Glaucoma is the leading cause of blindness in the USA-- over 3 million Americans are currently living with the condition. The most common form of glaucoma is open angle glaucoma – and 90% of those 3 million afflicted with it are over the age of 40.
Here are some eye-opening facts about glaucoma followed and helpful hints to reduce your risk of developing the disorder.
Fact #1: There is no cure.
Unfortunately, the only thing to do is treat it early to reduce its effects. Adopting healthier eating habits and visiting your optometrist regularly are some of the best ways to reduce the risk of developing any form of glaucoma.
Don’t disregard warning signs. Severe eye pressure, loss of peripheral vision, and other symptoms can increase over time as the condition develops. If you feel pain or start having trouble seeing, immediately see an optometrist for guidance.
Fact #2: 50% of people with glaucoma don’t know they have it.
The most common form of the disease, open-angle, has almost no apparent symptoms. This means that 1.5 million Americans have glaucoma and may not even realize it.
Since symptoms are not always clear, it is important that you receive annual check ups from a certified optometrist. These exams could mean the difference between identifying and slowing down early stages of the disease versus losing your eyesight.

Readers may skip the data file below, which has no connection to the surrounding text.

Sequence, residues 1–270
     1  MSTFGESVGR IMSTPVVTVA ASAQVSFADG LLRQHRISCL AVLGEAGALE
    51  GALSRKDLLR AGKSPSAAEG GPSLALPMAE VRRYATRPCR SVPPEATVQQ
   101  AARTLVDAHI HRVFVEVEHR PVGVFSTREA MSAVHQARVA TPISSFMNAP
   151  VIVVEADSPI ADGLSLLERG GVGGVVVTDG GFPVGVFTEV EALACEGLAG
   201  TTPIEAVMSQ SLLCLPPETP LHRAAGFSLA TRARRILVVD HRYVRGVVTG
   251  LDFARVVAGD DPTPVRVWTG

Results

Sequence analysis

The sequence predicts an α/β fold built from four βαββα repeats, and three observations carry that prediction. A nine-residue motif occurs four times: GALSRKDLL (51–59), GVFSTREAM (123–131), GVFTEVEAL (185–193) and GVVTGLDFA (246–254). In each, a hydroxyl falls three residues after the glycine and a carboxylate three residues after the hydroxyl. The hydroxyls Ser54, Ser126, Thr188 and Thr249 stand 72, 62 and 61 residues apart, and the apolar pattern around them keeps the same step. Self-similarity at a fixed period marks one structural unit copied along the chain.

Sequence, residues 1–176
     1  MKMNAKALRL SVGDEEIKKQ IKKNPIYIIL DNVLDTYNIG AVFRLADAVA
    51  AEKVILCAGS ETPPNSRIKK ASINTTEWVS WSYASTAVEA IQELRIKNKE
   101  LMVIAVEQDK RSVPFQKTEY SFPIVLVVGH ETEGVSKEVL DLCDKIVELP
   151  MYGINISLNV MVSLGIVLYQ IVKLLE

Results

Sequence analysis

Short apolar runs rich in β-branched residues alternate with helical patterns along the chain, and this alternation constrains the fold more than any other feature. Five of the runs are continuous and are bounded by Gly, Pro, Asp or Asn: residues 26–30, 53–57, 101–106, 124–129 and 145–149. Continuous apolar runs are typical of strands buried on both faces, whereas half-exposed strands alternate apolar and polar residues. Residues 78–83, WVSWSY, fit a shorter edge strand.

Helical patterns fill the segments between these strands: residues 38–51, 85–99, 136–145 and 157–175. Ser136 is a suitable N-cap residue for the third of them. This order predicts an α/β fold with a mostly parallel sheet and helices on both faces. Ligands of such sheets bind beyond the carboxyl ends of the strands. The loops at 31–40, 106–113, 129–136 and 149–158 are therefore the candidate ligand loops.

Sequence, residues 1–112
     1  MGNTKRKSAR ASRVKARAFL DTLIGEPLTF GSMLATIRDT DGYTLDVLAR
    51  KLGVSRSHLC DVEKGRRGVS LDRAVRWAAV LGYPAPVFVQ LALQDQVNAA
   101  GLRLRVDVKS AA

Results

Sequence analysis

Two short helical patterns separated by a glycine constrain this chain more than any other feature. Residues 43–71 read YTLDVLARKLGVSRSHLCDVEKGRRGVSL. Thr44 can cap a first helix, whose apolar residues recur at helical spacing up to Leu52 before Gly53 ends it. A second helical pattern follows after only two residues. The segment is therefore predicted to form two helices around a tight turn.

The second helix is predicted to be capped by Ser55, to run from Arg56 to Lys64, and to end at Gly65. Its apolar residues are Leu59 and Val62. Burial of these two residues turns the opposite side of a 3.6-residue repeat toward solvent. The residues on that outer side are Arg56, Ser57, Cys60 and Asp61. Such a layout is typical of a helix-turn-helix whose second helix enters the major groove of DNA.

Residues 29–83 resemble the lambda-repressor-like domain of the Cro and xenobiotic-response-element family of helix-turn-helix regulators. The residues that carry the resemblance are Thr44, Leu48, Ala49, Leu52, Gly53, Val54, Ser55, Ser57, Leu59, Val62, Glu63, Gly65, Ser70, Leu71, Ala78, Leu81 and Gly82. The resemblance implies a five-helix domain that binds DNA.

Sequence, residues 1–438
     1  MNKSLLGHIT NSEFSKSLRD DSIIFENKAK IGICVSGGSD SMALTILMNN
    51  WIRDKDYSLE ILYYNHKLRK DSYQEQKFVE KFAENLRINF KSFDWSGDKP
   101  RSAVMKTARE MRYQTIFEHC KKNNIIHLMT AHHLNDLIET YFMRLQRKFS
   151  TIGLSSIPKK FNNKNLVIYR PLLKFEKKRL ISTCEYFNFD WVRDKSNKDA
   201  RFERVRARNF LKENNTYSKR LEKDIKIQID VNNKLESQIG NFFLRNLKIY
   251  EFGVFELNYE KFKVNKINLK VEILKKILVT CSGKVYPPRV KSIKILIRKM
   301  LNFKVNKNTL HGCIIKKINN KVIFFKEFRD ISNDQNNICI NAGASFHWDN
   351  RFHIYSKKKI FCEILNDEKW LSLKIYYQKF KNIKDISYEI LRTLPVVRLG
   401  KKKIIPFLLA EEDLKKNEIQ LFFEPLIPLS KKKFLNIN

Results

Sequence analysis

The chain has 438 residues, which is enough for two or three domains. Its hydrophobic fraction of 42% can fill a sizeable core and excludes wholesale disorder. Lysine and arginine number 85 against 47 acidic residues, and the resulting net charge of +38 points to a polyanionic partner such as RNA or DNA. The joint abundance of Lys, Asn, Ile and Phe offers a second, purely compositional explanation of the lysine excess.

Fact #3: These groups are at a higher risk of developing glaucoma.
- People over 60
- People who have a family history (hereditary)
- People with diabetes
- People with severe nearsightedness
The disease is more common in seniors, and people over the age of 60 are six times more likely to get be diagnosed with it. Primary open-angle glaucoma is hereditary. Those with immediate family members that have glaucoma have a four to nine times increased chance of developing glaucoma themselves.
If you are in a higher risk group, it is even more important to get an annual eye exam. A comprehensive eye exam should include testing of:
- Inner eye pressure
- Shape and color of the optic nerve
- Complete field of vision
- Angle in the eye where the iris meets the cornea
- Thickness of the cornea
Let a caregiver help you live with glaucoma
How often do you feel discomfort, not just related to your eyes, and brush it off? Sometimes this is a temporary issue. In other cases, it is a sign of a developing condition. Our caregivers can be right there to help you get treated when symptoms develop or if glaucoma has already developed.
Our caregivers can help you with the following:
- Take you to your eye appointments
- Remind you to take prescribed medication
- Provide care after eye surgery
To learn more about how Bluebird Homecare can help you live better with glaucoma, contact us today.
We may not be able to cure glaucoma today, but right now is the perfect time to start fighting it!